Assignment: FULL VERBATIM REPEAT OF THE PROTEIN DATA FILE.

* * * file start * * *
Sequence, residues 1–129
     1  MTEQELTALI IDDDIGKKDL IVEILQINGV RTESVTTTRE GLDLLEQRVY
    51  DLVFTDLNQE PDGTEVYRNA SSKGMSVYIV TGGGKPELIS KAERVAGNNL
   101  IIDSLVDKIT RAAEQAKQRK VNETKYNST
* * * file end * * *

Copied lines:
Sequence, residues 1–129
     1  MTEQELTALI IDDDIGKKDL IVEILQINGV RTESVTTTRE GLDLLEQRVY
    51  DLVFTDLNQE PDGTEVYRNA SSKGMSVYIV TGGGKPELIS KAERVAGNNL
   101  IIDSLVDKIT RAAEQAKQRK VNETKYNST